"Yes, I do; he's gone to get a bit of rope. Don't you remember when we climbed up last year we didn't get quite to the top, and you said that if we'd had a bit of rope to throw over the big stone, one of us might have held the end while the other climbed up?"

"No, I don't remember, and don't believe I ever said so."

"Why, that you did, Bob. What's the good of contradicting?"

"What's that to you, Sep Duncan?" he retorted. "You arn't everybody. I shall contradict if I like."

"But you did say so."

"I didn't."

"You did. Now, just you wait till old Big comes and see if he don't say so too."

"Yah! He'd say anything. What does he know about it?"

"Well, here he comes," I said.

"Let him come; I don't care."

"And he has got a coil of rope over his shoulder."

"Well, what do I care? Any fool might get a ring of rope over his shoulder."

"Yes, but what for?"

"Oh, I dunno; don't bother!" said Bob surlily.

Meanwhile Bigley Uggleston was coming along at a lumbering trot, and as soon as he was within hearing I shouted to him:

"What are you going to do with that rope?" And now for the first time I noticed that he was carrying a long iron bar balanced in his right hand.

Big did not answer, but came panting on.

"There, I told you so!" cried Bob; "didn't I say so?"

"I don't care if you did," I retorted; and just then our companion panted up to us and threw himself down, breathless with his exertions.

"What did you fetch the rope for?" I cried eagerly.

"To"—puff—"throw it over"—puff—"the big stone"—puff—"up atop, same"—puff—"as Bob Chowne said"—puff—"last year."

"There!" I cried triumphantly, turning on Bob.

I was sorry I had spoken directly after, for Bob tightened his lips and half shut his eyes as he rose slowly to his feet, thrust his hands in his pockets, and began to move off.

"Here, what are you going to do?" I cried.

"Going home."

"What for?"

"What for? Where's the use o' stopping? You keep on trying to pick a quarrel with a fellow."

"Why, I don't, Bob. I say, don't go. We're just going to have no end of fun."

"Yes," cried Big; "and I've brought one of my father's net bars to drive in the rock and fasten the rope to, and then no one need hold it."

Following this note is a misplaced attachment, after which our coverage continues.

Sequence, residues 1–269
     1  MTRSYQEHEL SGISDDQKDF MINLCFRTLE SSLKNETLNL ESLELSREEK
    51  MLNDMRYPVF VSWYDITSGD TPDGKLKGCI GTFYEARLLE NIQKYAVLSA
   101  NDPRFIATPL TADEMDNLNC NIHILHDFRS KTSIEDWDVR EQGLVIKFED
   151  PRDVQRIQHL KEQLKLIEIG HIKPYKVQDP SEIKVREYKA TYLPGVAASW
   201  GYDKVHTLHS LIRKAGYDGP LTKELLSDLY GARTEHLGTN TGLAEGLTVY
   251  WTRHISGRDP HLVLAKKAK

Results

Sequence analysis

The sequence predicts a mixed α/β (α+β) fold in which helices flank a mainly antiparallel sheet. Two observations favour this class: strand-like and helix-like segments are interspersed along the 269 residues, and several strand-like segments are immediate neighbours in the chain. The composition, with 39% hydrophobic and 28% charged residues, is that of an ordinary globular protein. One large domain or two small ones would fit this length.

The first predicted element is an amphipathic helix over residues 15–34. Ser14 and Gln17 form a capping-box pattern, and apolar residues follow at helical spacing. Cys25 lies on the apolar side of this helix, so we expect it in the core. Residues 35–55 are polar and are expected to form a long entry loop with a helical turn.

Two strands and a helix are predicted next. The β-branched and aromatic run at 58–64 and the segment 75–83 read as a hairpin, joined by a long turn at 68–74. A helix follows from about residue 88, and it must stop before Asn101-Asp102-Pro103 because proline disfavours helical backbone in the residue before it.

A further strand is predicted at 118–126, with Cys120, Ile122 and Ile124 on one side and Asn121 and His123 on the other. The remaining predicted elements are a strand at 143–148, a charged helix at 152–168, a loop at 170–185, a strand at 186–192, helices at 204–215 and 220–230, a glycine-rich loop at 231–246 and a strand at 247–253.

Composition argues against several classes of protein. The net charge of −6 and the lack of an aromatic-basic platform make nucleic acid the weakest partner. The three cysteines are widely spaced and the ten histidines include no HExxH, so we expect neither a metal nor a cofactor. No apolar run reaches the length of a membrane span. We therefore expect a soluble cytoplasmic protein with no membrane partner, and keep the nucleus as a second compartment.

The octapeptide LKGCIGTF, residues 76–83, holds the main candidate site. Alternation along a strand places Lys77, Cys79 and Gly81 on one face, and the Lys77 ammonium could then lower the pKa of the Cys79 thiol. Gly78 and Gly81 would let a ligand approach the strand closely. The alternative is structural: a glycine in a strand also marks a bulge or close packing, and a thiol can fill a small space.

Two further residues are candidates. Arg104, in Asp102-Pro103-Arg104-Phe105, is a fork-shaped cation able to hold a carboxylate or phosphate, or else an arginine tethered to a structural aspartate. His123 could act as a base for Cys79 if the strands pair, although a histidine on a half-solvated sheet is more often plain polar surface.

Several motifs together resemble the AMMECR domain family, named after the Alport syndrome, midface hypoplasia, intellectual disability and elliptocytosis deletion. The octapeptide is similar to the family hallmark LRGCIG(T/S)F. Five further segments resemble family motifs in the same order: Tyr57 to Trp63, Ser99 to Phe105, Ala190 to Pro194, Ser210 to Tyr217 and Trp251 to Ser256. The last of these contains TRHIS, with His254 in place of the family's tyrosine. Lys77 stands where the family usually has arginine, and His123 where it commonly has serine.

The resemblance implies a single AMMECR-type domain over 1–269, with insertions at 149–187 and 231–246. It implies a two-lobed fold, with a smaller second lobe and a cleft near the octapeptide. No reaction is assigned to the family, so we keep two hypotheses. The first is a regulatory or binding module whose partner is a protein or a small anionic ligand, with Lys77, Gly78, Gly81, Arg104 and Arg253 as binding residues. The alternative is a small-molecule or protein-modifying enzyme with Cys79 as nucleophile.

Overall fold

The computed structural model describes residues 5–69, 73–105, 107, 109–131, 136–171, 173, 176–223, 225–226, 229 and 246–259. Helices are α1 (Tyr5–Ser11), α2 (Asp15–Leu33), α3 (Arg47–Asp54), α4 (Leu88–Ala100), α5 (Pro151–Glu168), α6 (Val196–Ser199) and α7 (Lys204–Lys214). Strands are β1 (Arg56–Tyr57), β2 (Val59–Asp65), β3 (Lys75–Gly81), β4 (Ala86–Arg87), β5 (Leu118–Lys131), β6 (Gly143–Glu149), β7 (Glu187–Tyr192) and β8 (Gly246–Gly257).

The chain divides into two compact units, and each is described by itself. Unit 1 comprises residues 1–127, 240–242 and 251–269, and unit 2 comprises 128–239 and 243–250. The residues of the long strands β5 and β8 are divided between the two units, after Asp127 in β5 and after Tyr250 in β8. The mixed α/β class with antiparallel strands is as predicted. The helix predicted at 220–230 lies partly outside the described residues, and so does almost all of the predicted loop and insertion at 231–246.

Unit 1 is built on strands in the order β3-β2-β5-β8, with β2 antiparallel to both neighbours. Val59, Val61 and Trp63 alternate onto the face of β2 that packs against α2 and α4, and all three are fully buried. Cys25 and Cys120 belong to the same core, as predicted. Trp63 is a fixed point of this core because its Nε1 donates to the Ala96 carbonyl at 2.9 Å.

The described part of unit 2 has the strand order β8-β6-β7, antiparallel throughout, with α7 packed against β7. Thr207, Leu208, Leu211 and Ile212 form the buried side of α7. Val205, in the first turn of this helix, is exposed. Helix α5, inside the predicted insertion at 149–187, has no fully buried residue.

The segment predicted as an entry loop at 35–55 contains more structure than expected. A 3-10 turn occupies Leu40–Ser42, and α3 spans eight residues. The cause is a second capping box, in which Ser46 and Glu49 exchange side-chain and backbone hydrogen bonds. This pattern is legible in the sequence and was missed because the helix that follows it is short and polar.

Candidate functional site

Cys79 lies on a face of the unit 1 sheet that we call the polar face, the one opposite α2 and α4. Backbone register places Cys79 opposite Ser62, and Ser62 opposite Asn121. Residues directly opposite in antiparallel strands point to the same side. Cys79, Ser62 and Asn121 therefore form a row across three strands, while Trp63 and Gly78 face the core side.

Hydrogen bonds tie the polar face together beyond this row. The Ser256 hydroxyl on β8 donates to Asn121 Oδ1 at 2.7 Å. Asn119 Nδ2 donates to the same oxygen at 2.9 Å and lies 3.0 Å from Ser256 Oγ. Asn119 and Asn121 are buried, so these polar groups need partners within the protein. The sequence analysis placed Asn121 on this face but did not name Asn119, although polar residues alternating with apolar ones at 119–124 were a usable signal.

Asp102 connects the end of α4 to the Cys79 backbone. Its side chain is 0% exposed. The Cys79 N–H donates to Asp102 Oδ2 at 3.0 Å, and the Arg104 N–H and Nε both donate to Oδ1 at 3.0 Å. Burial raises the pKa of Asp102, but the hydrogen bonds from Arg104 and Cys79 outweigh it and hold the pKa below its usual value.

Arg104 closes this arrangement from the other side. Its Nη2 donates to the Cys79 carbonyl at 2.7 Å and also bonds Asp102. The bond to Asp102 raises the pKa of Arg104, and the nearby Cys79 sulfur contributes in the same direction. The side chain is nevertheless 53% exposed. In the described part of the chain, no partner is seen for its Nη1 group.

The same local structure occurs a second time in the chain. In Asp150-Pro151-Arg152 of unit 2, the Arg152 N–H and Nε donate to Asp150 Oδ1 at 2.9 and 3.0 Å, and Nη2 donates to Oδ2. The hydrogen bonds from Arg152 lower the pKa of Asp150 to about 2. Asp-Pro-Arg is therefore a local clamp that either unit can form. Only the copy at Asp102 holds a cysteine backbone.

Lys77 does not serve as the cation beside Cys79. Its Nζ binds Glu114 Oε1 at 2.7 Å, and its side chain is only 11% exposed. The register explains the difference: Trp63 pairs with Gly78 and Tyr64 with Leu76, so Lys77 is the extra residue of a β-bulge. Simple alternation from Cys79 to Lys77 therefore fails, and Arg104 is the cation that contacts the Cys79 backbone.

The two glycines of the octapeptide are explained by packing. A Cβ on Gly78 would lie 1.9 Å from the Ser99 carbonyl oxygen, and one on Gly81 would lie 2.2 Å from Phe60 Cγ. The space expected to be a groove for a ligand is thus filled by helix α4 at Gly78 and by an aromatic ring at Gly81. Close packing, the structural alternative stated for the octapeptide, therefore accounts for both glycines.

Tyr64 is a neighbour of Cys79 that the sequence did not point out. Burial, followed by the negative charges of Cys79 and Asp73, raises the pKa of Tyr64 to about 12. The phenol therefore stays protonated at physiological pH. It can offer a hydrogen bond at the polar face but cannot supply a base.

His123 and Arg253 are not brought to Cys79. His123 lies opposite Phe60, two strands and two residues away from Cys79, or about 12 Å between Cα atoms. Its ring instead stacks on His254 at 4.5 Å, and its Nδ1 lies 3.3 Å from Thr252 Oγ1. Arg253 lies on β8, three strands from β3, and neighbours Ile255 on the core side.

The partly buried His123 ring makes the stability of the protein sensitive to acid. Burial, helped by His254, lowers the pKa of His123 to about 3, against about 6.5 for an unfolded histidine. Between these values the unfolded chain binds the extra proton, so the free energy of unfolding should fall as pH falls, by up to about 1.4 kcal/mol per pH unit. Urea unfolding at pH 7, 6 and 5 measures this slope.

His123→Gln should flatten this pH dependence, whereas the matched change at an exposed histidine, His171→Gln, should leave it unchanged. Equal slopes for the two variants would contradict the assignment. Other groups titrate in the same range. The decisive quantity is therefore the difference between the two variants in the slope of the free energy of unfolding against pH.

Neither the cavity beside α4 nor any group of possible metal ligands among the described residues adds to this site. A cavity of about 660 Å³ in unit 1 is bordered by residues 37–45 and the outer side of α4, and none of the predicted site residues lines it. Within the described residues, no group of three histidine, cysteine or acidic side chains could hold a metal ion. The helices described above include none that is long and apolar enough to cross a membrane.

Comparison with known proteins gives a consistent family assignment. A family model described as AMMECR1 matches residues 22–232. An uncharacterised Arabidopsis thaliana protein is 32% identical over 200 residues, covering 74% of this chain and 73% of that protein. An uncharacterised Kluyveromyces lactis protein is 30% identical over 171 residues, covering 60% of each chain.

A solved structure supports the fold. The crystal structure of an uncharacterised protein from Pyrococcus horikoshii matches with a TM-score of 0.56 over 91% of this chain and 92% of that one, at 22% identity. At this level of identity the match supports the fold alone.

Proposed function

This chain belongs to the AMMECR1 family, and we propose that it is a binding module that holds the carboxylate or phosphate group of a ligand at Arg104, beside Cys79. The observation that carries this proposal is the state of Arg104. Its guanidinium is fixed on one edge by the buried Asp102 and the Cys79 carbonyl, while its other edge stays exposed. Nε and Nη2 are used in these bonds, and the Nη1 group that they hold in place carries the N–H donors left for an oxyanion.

"No, I sha'n't stop," grumbled Bob sourly. "Where's the use o' stopping with chaps as always want to quarrel?"

"I don't want to quarrel," I said.

"And I'm sure I don't," said Big. "I hate it."

"More don't I," growled Bob. "It's Sep Duncan; he's always trying to have a row with somebody."

"Here, come on," cried Big. "I've got the rope and the bar."

"No," said Bob, sticking his hands farther into his pockets and sidling off; "I'm going home."

"Oh, I say, don't spoil our fun, Bob," I cried.

"'Taint me; it's you," he said. "I sha'n't stay."

"Oh, if it's me I'm very sorry," I said, "I didn't mean to be disagreeable."

"Oh, well, if you're sorry and didn't mean to be disagreeable I'll stay," he said. "Only don't you do it again."

"Say you won't," whispered Big.

"Well, I won't do it again," I cried, though I felt all the time as if I wanted to laugh outright.

"Then I sha'n't say any more about it," said Bob, relenting all at once. "I say, Big, is that rope strong?"

"Strong enough to hold all of us," he replied. "Here, come along. It'll soon be dinner-time. I'm getting hungry now."

"Why, you're always hungry, Big," cried Bob as we began to climb the steep slope diagonally.

"Yes, I am," he assented. "I do eat such a lot, and then I always feel as if I wanted to eat a lot more."

It was a stiff climb over the loose slates and in and out among the rough masses of stone that projected every here and there; but the air grew fresher and cooler as we made our way from sheep-track to sheep-track, where the little brown butterflies kept darting up in our path; and as we stopped again and again, it was to get a wider view of the sail-dotted sea all rippling and sparkling like silver in the sun, while as we climbed higher still we began to get glimpses of the high hills along the coast to the west, and the great moor into which the Gap seemed to run like a rugged trough.

At last after many halts we reached the piled-up mass of rocks known as the Beacon—a huge heap of moss-grown grey fragments that stood on the very crest of the ridge.

It was a favourite place with us, and many an expedition had been made here to sit under the shelter of the great lump of rock that crowned the heap, a mass about fifteen feet high, and as many long and broad, the whole forming just such a cube as you find in the sugar basin, and whose sides were so perpendicular that we had never reached the top.

But this time, provided with rope, and, by Bigley Uggleston's forethought, with the iron bar, the ascent seemed easy, and we set about it at once.

Big soon found a place on the shoulder of our little mountain where blocks of a ton-weight and less lay around, some of them so weakened and overhanging that they looked as if a touch would send them thundering down into the gorge.

Between two of these Big drove in the long iron bar, the rope was thrown right over the rock, one end tied securely to the bar, the other held by Bigley on the other side, the great heavy fellow hanging on to it, and the question arose as to whether Bob or I was to make the first attempt.